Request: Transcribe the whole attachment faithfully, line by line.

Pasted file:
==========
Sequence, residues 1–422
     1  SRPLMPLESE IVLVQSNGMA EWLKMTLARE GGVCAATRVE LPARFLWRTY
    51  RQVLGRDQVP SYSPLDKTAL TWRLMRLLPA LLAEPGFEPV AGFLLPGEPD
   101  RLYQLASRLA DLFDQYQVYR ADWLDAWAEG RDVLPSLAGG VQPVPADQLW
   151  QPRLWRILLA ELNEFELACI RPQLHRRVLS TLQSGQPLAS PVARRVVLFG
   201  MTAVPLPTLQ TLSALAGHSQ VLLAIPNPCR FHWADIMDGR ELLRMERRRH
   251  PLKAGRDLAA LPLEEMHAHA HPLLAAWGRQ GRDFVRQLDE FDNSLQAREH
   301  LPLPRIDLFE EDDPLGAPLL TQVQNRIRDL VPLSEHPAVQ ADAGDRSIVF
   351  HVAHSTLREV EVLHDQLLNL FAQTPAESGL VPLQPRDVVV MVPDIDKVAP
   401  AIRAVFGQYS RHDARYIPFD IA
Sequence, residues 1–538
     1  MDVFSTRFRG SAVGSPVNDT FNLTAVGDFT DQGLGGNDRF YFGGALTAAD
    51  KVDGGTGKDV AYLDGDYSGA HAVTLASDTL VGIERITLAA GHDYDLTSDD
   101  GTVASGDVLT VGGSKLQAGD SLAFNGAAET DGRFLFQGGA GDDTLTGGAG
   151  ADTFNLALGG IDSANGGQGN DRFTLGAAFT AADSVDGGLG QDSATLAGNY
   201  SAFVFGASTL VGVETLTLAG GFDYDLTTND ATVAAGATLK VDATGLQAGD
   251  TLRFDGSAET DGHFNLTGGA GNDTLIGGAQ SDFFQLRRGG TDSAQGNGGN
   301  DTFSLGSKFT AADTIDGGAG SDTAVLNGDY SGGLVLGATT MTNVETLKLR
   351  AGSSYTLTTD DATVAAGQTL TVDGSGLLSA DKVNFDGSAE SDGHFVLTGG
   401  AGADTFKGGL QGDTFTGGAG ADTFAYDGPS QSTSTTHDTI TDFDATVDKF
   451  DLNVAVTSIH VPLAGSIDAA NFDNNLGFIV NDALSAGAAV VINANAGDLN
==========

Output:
Sequence, residues 1–422
     1  SRPLMPLESE IVLVQSNGMA EWLKMTLARE GGVCAATRVE LPARFLWRTY
    51  RQVLGRDQVP SYSPLDKTAL TWRLMRLLPA LLAEPGFEPV AGFLLPGEPD
   101  RLYQLASRLA DLFDQYQVYR ADWLDAWAEG RDVLPSLAGG VQPVPADQLW
   151  QPRLWRILLA ELNEFELACI RPQLHRRVLS TLQSGQPLAS PVARRVVLFG
   201  MTAVPLPTLQ TLSALAGHSQ VLLAIPNPCR FHWADIMDGR ELLRMERRRH
   251  PLKAGRDLAA LPLEEMHAHA HPLLAAWGRQ GRDFVRQLDE FDNSLQAREH
   301  LPLPRIDLFE EDDPLGAPLL TQVQNRIRDL VPLSEHPAVQ ADAGDRSIVF
   351  HVAHSTLREV EVLHDQLLNL FAQTPAESGL VPLQPRDVVV MVPDIDKVAP
   401  AIRAVFGQYS RHDARYIPFD IA
Sequence, residues 1–538
     1  MDVFSTRFRG SAVGSPVNDT FNLTAVGDFT DQGLGGNDRF YFGGALTAAD
    51  KVDGGTGKDV AYLDGDYSGA HAVTLASDTL VGIERITLAA GHDYDLTSDD
   101  GTVASGDVLT VGGSKLQAGD SLAFNGAAET DGRFLFQGGA GDDTLTGGAG
   151  ADTFNLALGG IDSANGGQGN DRFTLGAAFT AADSVDGGLG QDSATLAGNY
   201  SAFVFGASTL VGVETLTLAG GFDYDLTTND ATVAAGATLK VDATGLQAGD
   251  TLRFDGSAET DGHFNLTGGA GNDTLIGGAQ SDFFQLRRGG TDSAQGNGGN
   301  DTFSLGSKFT AADTIDGGAG SDTAVLNGDY SGGLVLGATT MTNVETLKLR
   351  AGSSYTLTTD DATVAAGQTL TVDGSGLLSA DKVNFDGSAE SDGHFVLTGG
   401  AGADTFKGGL QGDTFTGGAG ADTFAYDGPS QSTSTTHDTI TDFDATVDKF
   451  DLNVAVTSIH VPLAGSIDAA NFDNNLGFIV NDALSAGAAV VINANAGDLN